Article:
Vol. 2 Issue 45 | November 11, 2016

Vol. 2 Issue 45 | November 11, 2016

Vol. 2 Issue 45 | November 11, 2016
Three Things This Week

1. Nintendo Switch

What it is: Nintendo recently announced their new hybrid game console, Switch, combining the graphical power of a traditional home console with the mobility of a Gameboy portable device.

Why it’s important: Gamers don’t have to put down a game when they have to leave for school–they can play the same game wherever they want and can easily sync with other Switch players for mobile multiplayer. If there’s a gamer in your household who looks forward to the console, discuss appropriate device-use policies. Games are already designed to be addictive, and Switch is going to make it easier to stay in the game at all times.

2. Psychic Simpsons?

What it is: On Wednesday, a tweet claiming an episode of The Simpsons that aired in 2000 predicted Trump’s win (down to tiny details), then Thursday a tweet (warning: profanity) claiming the show also predicted this trending Christmas ad went viral.

Why it’s silly: As Mashable points out, the election tweet is misleading, with images taken from an episode airing in 2015, after Trump announced his candidacy. Yes, an episode from 2000 predicted his presidency, but not with any of the images found in the tweet. As for the ad, Mashable also debunks it. So what’s the big deal? Both tweets went viral and were believed to be factual. It’s a great example (along with this) to teach students the power of virality and our willingness to believe what we see on the Internet.

3. Spam Sext

What it is: Middle school students at a Christian school in Albuquerque, NM were surprised this week when a link within a text message that appeared to come from the school sent them to an x-rated website.

Why it’s infuriating: Most likely someone hacked the school’s servers, forcibly exposing 11- to 14-year-olds to images they can’t unsee. And while the text may have seemed legit even to adults, it points to the larger issue of teaching tweens and teens how to protect themselves when online. Here are 4 strategies to keep your students safe online. In addition, our Virtual Training on pornography is a great way to show students why pornography is so addictive and dangerous.

 

The Politics of Jesus

On Tuesday, the United States elected Donald Trump to be its 45th President by carrying 80% of the white evangelical vote. And while millennials supported Hillary Clinton more than their parents, students who stood in line for hours to vote for Obama were far less willing to do so for Clinton. In fact, millennials had the lowest voter turnout of any age group. Why? Students aren’t engaging in politics because they don’t see credible ways in which Washington is helping a hurting world. They are less likely than their parents to support the “lesser of two evils” tactic, and maybe they are in good company.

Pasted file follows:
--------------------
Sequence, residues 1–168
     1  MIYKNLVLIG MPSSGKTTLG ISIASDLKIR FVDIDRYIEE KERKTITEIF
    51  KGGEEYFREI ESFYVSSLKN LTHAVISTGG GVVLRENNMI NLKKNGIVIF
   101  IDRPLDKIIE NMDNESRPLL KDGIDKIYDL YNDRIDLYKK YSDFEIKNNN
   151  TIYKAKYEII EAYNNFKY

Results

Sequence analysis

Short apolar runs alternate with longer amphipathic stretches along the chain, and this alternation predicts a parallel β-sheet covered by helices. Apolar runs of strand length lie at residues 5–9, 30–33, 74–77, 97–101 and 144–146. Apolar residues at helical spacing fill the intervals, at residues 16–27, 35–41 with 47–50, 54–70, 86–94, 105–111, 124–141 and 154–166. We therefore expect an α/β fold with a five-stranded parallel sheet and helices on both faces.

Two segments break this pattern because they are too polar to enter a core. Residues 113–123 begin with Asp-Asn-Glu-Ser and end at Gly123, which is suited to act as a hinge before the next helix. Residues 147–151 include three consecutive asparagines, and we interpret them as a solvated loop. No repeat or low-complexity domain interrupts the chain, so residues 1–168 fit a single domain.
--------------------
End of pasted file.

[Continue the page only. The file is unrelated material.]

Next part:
Forced to choose between colluding with Rome and violently revolting against her, Jesus choose a third way of being political by instituting the Kingdom of God. The Sermon on the Mount articulates what citizenship in this kingdom looks like: love of enemies, reconciliation, sharing resources, sexual purity, and redemptive justice. For Jesus, politics were nothing if not personal, local, and liberating. Here are four ways you can engage your students in meaningful public action by embodying the politics of Jesus.

1. Abortion: Encourage students to volunteer at a CareNet crisis pregnancy center. Bring a Wait No More event to your church, or counsel a pregnant classmate.

2. Immigration: Modeling the biblical command to welcome the stranger, convert your empty church buildings into housing for refugees, or join other Christians volunteering with World Relief.

3. Hospitality: One of the greatest ways Jesus brought salvation into a broken world was through table fellowship. Encourage your students to live missionally by cooking a meal for their neighbors once a month and sharing it with them!

4. Radical Friendship: Inspire your students to befriend someone with a different skin color. As minority students face growing anxiety due to a spike in racist incidents in schools, break down the barriers of fear and division by encouraging unity. Finally, talk about racial issues in your classroom to ease the awkwardness.

Our students don’t need power to be political. Their task, and ours, is to bear witness to King Jesus by embodying the reign of Christ in daily life. Whenever we feed the hungry, clothe the naked, visit the lonely, listen to the marginalized, and bring peace into a violent world, we proclaim that Jesus is Lord.

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